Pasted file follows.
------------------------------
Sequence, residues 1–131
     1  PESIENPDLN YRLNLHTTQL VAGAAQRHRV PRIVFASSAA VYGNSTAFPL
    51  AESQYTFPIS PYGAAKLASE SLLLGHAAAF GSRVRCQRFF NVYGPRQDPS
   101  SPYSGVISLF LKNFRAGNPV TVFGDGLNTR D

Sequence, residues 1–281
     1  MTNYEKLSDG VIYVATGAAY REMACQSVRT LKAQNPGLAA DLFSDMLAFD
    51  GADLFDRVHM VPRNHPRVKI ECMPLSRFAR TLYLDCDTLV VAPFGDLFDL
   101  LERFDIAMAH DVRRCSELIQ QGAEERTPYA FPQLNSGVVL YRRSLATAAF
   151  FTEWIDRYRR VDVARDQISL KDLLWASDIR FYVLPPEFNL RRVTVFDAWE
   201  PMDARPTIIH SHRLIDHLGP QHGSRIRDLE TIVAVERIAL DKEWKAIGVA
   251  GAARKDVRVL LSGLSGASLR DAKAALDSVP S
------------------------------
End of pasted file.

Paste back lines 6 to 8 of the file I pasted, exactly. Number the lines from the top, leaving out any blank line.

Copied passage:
     1  MTNYEKLSDG VIYVATGAAY REMACQSVRT LKAQNPGLAA DLFSDMLAFD
    51  GADLFDRVHM VPRNHPRVKI ECMPLSRFAR TLYLDCDTLV VAPFGDLFDL
   101  LERFDIAMAH DVRRCSELIQ QGAEERTPYA FPQLNSGVVL YRRSLATAAF